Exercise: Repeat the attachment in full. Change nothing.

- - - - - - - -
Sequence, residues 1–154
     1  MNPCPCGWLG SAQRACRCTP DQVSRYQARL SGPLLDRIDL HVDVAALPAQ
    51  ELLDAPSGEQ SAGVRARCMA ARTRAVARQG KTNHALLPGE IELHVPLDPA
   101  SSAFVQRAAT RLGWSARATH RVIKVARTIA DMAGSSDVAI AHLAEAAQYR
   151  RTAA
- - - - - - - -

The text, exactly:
Sequence, residues 1–154
     1  MNPCPCGWLG SAQRACRCTP DQVSRYQARL SGPLLDRIDL HVDVAALPAQ
    51  ELLDAPSGEQ SAGVRARCMA ARTRAVARQG KTNHALLPGE IELHVPLDPA
   101  SSAFVQRAAT RLGWSARATH RVIKVARTIA DMAGSSDVAI AHLAEAAQYR
   151  RTAA